The Atlanta Constitution from Atlanta, Georgia on November 12, 1978 · 14
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The Atlanta Constitution from Atlanta, Georgia · 14

Atlanta, Georgia
Issue Date:
Sunday, November 12, 1978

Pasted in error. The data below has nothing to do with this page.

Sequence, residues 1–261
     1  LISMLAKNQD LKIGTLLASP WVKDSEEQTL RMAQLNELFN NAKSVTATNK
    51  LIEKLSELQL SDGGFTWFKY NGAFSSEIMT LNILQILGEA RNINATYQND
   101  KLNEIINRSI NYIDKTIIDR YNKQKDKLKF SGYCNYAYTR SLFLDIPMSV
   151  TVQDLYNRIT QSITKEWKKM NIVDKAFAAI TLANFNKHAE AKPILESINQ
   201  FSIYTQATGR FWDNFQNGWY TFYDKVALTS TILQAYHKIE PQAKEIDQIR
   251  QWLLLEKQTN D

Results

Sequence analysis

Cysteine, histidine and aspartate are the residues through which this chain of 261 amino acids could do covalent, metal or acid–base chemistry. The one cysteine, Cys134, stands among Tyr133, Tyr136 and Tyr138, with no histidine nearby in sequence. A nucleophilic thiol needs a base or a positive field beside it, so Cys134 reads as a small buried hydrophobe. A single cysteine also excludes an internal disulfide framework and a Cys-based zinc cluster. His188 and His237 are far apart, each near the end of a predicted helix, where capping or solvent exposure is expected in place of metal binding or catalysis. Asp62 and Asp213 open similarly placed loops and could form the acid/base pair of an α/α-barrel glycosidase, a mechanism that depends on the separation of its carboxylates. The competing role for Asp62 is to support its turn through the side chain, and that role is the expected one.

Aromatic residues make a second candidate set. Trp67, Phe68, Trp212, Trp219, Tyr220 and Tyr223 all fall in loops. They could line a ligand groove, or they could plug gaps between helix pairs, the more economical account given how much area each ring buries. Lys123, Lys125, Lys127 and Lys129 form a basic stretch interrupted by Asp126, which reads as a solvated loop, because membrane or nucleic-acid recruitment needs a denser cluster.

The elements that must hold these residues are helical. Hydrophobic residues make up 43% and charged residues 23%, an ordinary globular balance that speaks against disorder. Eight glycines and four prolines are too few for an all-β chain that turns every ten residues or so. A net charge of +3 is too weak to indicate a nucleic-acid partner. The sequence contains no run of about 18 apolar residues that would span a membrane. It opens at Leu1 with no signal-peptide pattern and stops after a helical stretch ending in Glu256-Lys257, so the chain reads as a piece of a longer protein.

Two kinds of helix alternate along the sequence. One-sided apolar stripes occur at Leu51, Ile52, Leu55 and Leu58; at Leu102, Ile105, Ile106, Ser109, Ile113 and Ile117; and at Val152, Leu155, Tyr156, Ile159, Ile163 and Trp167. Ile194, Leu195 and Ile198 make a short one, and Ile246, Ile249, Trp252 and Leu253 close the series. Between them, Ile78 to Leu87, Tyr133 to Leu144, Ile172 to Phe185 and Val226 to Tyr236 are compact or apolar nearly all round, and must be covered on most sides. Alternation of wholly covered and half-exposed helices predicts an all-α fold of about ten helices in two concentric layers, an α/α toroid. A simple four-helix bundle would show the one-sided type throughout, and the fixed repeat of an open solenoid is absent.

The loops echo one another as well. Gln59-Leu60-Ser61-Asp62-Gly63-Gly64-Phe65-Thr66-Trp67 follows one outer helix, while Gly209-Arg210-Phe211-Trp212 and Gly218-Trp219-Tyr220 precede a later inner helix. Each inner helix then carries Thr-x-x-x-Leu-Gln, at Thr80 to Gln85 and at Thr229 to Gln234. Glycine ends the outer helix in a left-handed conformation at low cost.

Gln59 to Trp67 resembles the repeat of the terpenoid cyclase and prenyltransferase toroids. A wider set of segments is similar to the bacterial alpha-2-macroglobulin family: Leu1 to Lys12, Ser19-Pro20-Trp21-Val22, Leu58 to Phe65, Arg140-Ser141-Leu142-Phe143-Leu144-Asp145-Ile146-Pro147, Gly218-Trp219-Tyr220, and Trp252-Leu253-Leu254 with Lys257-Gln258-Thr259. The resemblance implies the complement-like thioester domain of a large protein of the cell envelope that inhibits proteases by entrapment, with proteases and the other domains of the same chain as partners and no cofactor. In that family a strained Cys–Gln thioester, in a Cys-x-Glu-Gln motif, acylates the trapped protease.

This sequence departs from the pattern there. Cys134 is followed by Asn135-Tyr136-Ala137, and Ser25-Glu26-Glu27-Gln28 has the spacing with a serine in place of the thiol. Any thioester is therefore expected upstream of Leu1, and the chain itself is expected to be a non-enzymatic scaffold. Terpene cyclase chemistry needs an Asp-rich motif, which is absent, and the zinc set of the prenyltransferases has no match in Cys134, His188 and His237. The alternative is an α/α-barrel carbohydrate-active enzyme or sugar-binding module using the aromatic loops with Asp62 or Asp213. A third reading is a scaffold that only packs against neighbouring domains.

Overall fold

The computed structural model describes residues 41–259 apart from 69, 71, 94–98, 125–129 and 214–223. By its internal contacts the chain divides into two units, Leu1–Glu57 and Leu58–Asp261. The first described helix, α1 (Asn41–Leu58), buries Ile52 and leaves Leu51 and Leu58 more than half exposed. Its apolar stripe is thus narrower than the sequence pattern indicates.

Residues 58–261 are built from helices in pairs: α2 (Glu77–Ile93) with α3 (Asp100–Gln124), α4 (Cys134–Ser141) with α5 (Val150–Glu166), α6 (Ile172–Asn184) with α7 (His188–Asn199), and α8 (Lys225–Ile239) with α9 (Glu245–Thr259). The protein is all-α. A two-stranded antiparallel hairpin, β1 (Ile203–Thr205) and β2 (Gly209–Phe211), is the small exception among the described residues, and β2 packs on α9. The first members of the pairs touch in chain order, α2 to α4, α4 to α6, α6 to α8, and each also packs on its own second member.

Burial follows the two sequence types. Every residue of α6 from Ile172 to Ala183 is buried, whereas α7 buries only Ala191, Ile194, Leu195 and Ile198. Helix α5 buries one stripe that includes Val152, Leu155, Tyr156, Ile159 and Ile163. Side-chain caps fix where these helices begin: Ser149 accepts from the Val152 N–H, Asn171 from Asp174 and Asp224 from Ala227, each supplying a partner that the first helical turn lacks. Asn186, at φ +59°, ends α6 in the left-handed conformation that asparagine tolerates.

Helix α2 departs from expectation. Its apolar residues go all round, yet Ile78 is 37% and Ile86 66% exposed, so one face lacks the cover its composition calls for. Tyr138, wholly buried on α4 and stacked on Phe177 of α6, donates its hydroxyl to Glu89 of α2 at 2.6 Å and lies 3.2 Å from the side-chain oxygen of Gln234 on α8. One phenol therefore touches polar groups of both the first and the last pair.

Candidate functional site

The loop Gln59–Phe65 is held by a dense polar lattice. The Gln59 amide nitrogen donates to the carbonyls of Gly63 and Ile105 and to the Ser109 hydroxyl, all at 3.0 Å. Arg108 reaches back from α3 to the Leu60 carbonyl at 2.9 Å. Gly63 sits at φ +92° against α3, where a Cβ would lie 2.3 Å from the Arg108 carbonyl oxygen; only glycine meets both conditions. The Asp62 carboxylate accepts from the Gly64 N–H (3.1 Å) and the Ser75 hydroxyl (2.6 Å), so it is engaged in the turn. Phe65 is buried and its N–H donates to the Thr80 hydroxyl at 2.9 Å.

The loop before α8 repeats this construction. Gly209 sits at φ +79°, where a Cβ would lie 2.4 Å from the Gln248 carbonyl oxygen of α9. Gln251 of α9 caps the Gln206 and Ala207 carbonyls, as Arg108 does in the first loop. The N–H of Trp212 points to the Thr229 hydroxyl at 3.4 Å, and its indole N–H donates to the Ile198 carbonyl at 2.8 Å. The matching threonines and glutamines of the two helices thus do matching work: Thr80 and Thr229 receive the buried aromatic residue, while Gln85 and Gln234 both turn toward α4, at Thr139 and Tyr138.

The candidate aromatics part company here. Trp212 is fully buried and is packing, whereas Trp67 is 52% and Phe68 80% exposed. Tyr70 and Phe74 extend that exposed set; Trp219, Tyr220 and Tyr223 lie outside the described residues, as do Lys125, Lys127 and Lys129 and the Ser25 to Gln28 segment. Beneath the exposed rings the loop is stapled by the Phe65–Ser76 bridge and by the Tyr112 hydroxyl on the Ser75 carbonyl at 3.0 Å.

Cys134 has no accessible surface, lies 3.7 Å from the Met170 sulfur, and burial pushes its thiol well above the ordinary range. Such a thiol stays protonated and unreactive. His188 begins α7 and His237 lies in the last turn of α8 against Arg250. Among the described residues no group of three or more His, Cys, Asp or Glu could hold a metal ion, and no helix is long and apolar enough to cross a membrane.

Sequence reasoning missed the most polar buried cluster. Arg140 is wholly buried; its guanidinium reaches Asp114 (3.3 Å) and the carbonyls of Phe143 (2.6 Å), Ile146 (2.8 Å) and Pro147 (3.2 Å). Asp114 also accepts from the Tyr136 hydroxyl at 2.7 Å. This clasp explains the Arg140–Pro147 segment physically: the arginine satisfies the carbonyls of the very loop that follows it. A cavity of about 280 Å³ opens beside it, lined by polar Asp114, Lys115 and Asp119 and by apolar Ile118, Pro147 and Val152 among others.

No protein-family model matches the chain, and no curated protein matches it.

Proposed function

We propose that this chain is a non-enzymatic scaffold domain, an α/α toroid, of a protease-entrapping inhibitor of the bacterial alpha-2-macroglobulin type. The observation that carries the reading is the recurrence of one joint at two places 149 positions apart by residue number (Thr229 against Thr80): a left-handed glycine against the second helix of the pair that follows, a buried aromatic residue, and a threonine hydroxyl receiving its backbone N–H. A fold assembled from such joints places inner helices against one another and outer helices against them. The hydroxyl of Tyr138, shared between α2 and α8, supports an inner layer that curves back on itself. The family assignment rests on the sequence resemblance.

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' 14-A ghf Atlanta gpcrnal and CQT1TITI0 SUNDAY, NOVEMBER 12, 1978 oekweir s World Mot Perfect, but He Painted the Ideal Norman Rockwell was probably the nation's most popular artist, yet bis work was never accepted as tine art He died Wednesday. Here is a view ot the artist and the man. It was written several months ago. By SAUL PETT Tht AuodtM Prm STOCKERDGE, Mass. - He was 4 years old when Teddy Roosevelt charged op San Juan Hill, 9 when the Wright broth- en got off the ground, 12 when the Panama Canal was opened. He was a pale, sunny, long-necked, pigeon-toed kid with a big Adam's apple and rotmd, rimless glasses and, of course, they called him Moo-ney. He was lousy at baseball, but he had one speciality that kept him afloat among his peers. "At first, my ability was just something I had, like a bag of lemon drops. My brother Jarvis could jump over three orange crates; Jack Outwater had an uncle who had seen a pirate; George Dugan could wiggle his ears; I could draw' ... But because it was all I had I began to make H mm arrknlA lif A f ArTB all the toe." NORMAN ROCKWELL All the time. He drew and he painted seven days a week, 52 weeks a year, a half day off at Christmas. He did this until the spring of last year, his 83rd year. He drew and he painted through two generations of America, trailed by the kind of smiles, sense of shared experience and affection that attended Samuel Clemens in letters. He became, probably, the most popular artist in his country's history, and he continued to try. He didn't need the money ' or, one assumes, the acclaim, but in the continuing, wondrous need of the creative man he continued to try. He became a prisoner of a wheelchair, in body not in spirit Norman Rockwell announced every three or four days to his wife, Molly, that this was the day he was going back to the . big red studio behind their house to finish the painting that had ; been on his easel for more than a year. Molly or a nurse wheeled him to the studio. Now and then he picked up a brush, but most often he painted only mentally. He complained mildly that because of the wheelchair he couldn't lean close enough to the painting, which was a picture of an early, liberal Colonial missionary receiving an Indian chief in his kitchen while his wife peeked around the corner, appalled. ''-V' i' 1 ) But the wheelchair was not Rockwell's problem. Age and energy were. So he stared at the painting, determined to re-do the rug in the foreground and make the wife more indignant Bat in actuality, he did little. He muttered that "it's hell to grow old," a simple statement of fact, and let that suffice for what can only be a profound frustration. He returned to his 200-year-old house for tea around the fire in the library, a daily event that involved one, sometimes two whiskey sours before tea. The painting over the fireplace was a Rockwell, an abstract featured in the home of a master of realistic detail. It was done by one of his three sons, Jarvis, a professional artist There in the library, Rockwell smoked his pipe. He asked what's new in Stockbridge and the world. He played a mean game of checkers. He complained little. His memory was better for memories a half century old, the shape of a model's nose or turn of mouth, than for yesterday. His prime was around the corner, up Main Street and one block to the right to the Old Corner House run by the Stock-bridge historical society and dominated by the work of one resident There was Norman Rockwell There, in his originals, he appeared larger, wiser, funnier, richer in texture and more poignant even than one remembered in the hundreds of covers he did for the Saturday Evening Post and Look magazine. . Rough-hewn men in working clothes looking on with curiosity and respect at a prime little lady and her grandson saying grace among the ketchup bottles of a shabby railroad restaurant A small boy in pajamas, eyes as big as they can pop. Behind him, the ultimate in revelations spilling from two open drawers: an arm and a leg of a Santa Claus suit A kindly old doctor, with an expression of it's all in a day's work, listening to the stethoscope placed against the chest ot a doll held by a solemn little girl A village barbershop, dark except for the embers in a coal stove and the lovely gold light coming from a back room where three elderly men play a violin, a clarinet a cello. A GI home from the big war, peeling potatoes with a perfect look of gentle bemusement, his mother watching with a subtle mixture of apprehension and love. A variety of white and black faces in prayer, a wedding ring imbedded for eternity on the wrinkled finger of an old woman. It was one of a series to illustrate the Four Freedoms of Franklin Roosevelt's America. A triple self-portrait Rockwell leaning to his left to a mirror, studying his bespectacled, graying image, right hand painting a picture of a Rockwell without gray or glasses. A smiling Dwight Eisenhower. Rockwell painted all the candidates and presidents from Ike to Richard Nixon. He once told a friend be enjoyed the first the most because of that grin and the last the least "because I couldn't find anything there." Rockwell painted with a passion for the visual truth and, Rockwell Books Get New Popularity; Real Boom Expected at Christmas By COLLEEN TEASLEY Norman Rockwell's death last week has unleashed increased sales of his art books and biographies in Atlanta stores, and book store buyers predict sales will pick up even more as the Christmas gift-buying season gets in full swing over the next several weeks "You can bet on it," said Cathy Duke of Brentano's bookstore downtown, when asked if Rockwell's books would be a hot item for Christmas. "People are in here right now buying his books," she aid Friday, only two days after Rockwell's death. "People have been coming in since late Thursday asking for Rockwell's books," said Michael Harrison, assistant ' manager at Waldenbooks at Northlake Mall. "I sold five or six of his books this morning," he said Friday. By chance, Rockwell's death coincided with a publisher's clearinghouse sale at Waldenbooks of a Rockwell book on the artist's Saturday Evening Post cover paintings. Harrison said it "was just happenstance" that the sale, which was scheduled two weeks ago, started the day after Rockwell's death. At the Ansley Mall Book Store, book buyer, Brenda Smith, said she would place an order for more Rockwell books next week in anticipation of increased demand for anything by or about Rockwell. "We have two women looking through Rockwell's books right now," she said Friday. "We expect many more requests on Saturday, when we usually have a lot of art buffs in here." "Rockwell's books always sell during Christmas time and I'm sure there will be a strong resurgence this Christmas," said Mike Eck, book buyer at Ardmore Book End in Sandy Springs.' The most popular of the Rockwell books is a $75 edition that includes most of Rockwell's art, Eck said. Tmt Georgia teasing "Where You Come First" IF.t M "Wt 1mm Any Mok fiutintu or PronoJ Um 955-0891 252-0334 "This is the' Rockwell book, and will be difficult to get now," Eck said. "When it goes into a new printing, the price probably will go to $90. "The manager and I were just talking this morning that we probably will be sent a lot of Rockwell books for Christmas selling," said Mary Faria, assistant manager at B. Dalton's downtown bookstore. She said the store has had the new Rockwell biography, "A Rockwell Portrait-An Intimate Biography," by Donald Walton for one week and it is selling well. Harry Abrams Publishing Inc. in New York City, which puts out the new biogaphy, Thursday placed a print order for 20,000 additional copies of Walton's book. The first two printings of the book 30,000 copies-have sold out, said Tom Thornton, Abrams' director of marketing. "We are out of stock," Thornton said. Before Rockwell's death, the publishing company had plans, to place a new print order for only 5,000 books, Thornton said. The new printing should be off the presses the day before Thanksgiving, Thornton said, and in bookstores across the country by Dec. 1. Negotiations have been stepped up for the paperback rights to the book. "It's a very valuable property at this time and worth a sizable amount," Thornton said. The value of anything touched by Rockwell will rise 3 Elegance at your convenience. Bailey Banks & Biddle's new Golden Card can open the door for you to Atlanta's great house of diamonds, fine gold and precious stone jewelry, great name watches, and the most desired crystal, porcelain, and giftware. Since 1832, people of taste and discernment have relied on Bailey Banks & Biddle for guidance in gift buying, in the selection of diamond jewelry, and in bridal counseling. Plan now to put all of Bailey Banks & Biddle's resources at your disposal. Call or come by for your Bailey Banks & Biddle's Golden Card application. - - V Bailey Banks&Biddle World Renowned Jewelers Since 1832 Lenox Square, Atlanta Greenbriar CenterSouth DeKalb MallPerimeter Mall Northlake Mall Also Macon Mall, MaconAugusta Mall, Augusta Mail and Phone Inquiries Invited: (404) 237-9247 "ST following his death, including the more than 100 items the Franklin Mint in Philadelphia commissioned him to make-such things as silver plates, medals and porcelain figures. His art already is high-priced. "The really good ones go for at least $50,000 a piece," said Donald Walton, the author of Rockwell's latest biography and a longtime business associate of Rockwell at the Franklin Mint. "The owner of the Rockwell original of the lady saying grace in a restaurant turned down an offer of $75,-000 for that one and later gave it to a museum," Walton said in an interview from his Kansas City, Kan., home. Walton visited Rockwell and his wife, Molly, at their Stockbridge, Mass., home just weeks before Rockwell's death. "He had difficulty speaking because of his strokes and it irritated him that he couldn't speak clearly," Walton remembered. Walton said Rockwell was still going strong at age 84 up to a little more than a year ago. "He started having a series of little strokes and would hurt himself when he would black out and fall off his bicycle," Walton said of Rockwell, who was an avid bike rider. Walton, who now works for the Hallmark Co., said Hallmark Christmas cards by Rockwell will be a big seller this year. He said Hallmark also has plans soon to sell other Rockwell items, including Rockwell plates. Rockwell died a "comfortably wealthy man," Walton said, but not nearly as wealthy as he could have been. "He could have had two or three times as much money as he bad," Walton said. Rockwell used to give his paintings away and often argued that he was being overpaid for some of his work, he said. "I had arguments with him when I was at Franklin Mint," Walton said. "He would say, 'You can't pay me that much, it won't take me that long to paint thai' "I would say, 'I won't pay you that little' and usually we'd end up somewhere in the middle." Rockwell often gave his original paintings away to people who posed for him and in the early years gave away the originals of the Saturday Evening Post covers, Walton said. "He felt they had served their purpose once the magazine used them and would give them away," Walton said. "I remember there was one lady in Chicago who wrote in and told him she would like to decorate her rec room with the originals from his Post magazine covers and offered him $500 each for them," Walton said. "I remember he was in a hurry to send them to her before she changed her mind and sent her eight pieces. That lady probably has $250,-000 worth of art in her rec room today." Walton said. almost invariably, worked from live models, whether the subject was people or animals. Long before brush touched cacvas, be arranged the props, the scenery, the lighting and acted out precisely the expression he wanted from his human models. With animals be showed an Olympian patience. How do you pose a chicken? "You pick np the chicken and rock him back and forth a few times," he wrote in his autobiography in 1960. "When yon set him down be will stand just as you've placed him for four or five minutes. Of course, you have to run behind the easel pretty quickly to do much painting before the chicken moves If you want to paint the chicken full face the procedure is even more complicated because the eyes of a chicken are on the sides of his head and when be looks at you he turns his bead. I puzzled about that for quite a while. Finally I got a long stick and after I'd set the chicken down and gone behind my easel I'd rap the wall at one side of the chicken and he'd turn bis bead toward me to look at the walL It's very strenuous painting a chicken..." . Over the years, the critics found Rockwell simplistic, corny and superficially photographic and refused to admit him to the world of "real art" The fact that be delighted and touched millions did not bend the membership rules. He, himself, never claimed to be anything more than an illustrator who made a lot of money. "I paint life as I would like it to be," he said. "Maybe as I grew up ... I unconsciously decided that, even if it wasn't an ideal world, it should be, and so painted only the ideal aspects of it pictures in which there were no drunken slatterns or self-centered mothers, in which, on the contrary, there were only foxy grandpas who played baseball with the kids and boys who fished from logs and got up circuses in the back yard. "If there was sadness in this created world of mine, it was a pleasant sadness. If there were problems, they were humorous problems. The people in my pictures aren't mentally ill or deformed. The situations they get into are commonplace, not the agonizing crises and tangles of life." Rockwell said this in I960. But before the decade was out, be was painting, among other things, a less than ideal worl Four huge U.S. marshals, walking past a tomato-splattered wall, escorting a little black girl in her Sunday clothes to school A civil rights worker murdered in Mississippi A family of Indians looking forlornly at a huge new dam. By the end of the decade be was telling an interviewer that "there was a time when all yon had to do was draw a mother, a kid and a dog. If yon really wanted to be sentimental you put a bandage on the dog's leg. It was a world where mothers loved their kids, kids loved their mothers and they both loved dogs. 1 really believed the war against Hitler would bring the Four Freedoms for everyone. But I couldn't paint that today, I just don't believe it I was doing this best-of-possible worlds ... And I liked it, but now Fm sick of it" That was in 1970 but the harshness expressed then has mellowed since. Lifelong appetites for humor and simple pleasures returned, and in recent years Norman Rockwell painted the amazement of hard-hat construction workers studying a long-haired kid playing a guitar, the arrival of a new fire engine in town; springtime in the village of Stockbridge. At 84 and In a wheelchair, he no longer felt up to interviews. What we learn now of his thoughts and feelings we learn from his wife and friends such as David Wood, checker opponent and curator of the Rockwell gallery here. . "He was never the simple man he appeared,? said Wood. "He was always, and still is, nagged by an unease, by the sense that there must be something more than I'm putting down on this canvas.'" "He still has a kind of wistfulness," said Molly Rockwell "He always wanted to paint a 'great work,' something that would get him recognition as a fine arts artist It was always just ahead of him but he never felt he made it But he had a lot of fun trying." Italian Week at Lenox Square. ... Come sample the delicious Italian dishes on the gourmet tables in davi-son's housewares department. Then savor fine Italian wines and cheeses. Viva Italia! a v;y ' ; n u vr, ' I vv our best foot forward Church's handcrafted English shoes Old world quality and craftsmanship combine with contemporary styling in these remarkable all leather shoes. Made in Northampton, England, 180 craftspeople need 8 weeks just to complete one pair of these famous Church shoes. In black or brown. For gentlemen who are willing to pay the price for perfection. $1 10 A. Washington in sizes 9V$ to 1 1, 12AB; 9 to 11, 12C and Th to 12D. B. Holbom in sizes 9' toll, l2AB;9to 11C and Vh toll, 12D. Come in and see our other styles in a wide range of sizes and widths from A to D. Not a! widths in afl styles but any size not in stock will be special ordered at no extra charge. Men's Shoes, D. 46, Davison's Downtown and Lenox Square. Call (404) 221-7500 anytime, 24 hours a day. Elsewhere in Georgia, call toll free 1-800-282-5817. rarnQ ; Item key quantity color size addressapt. ' ' citystatezip ; ' : : phone account : I I I Wilhln Grealet Atlanta, free delivery on purchases ot $10 or more unless otherwise stated (add $1.25 delivery charge on orders under $10). Outside Greater Atlanta odd $1 50 postage, insurance, handling on first item, plus 250 each additional item. Add sales tax where applicable. Please allow 10 days tor delivery. Sorry, no C.O.D.'s. Mail to Davison's, Atlanta. Georgia 30303. . D. 46 It-12-78 Shop all Atlanta Covison's Branch Stores Sunctays 12:30 to30. Downtown closed Sundays.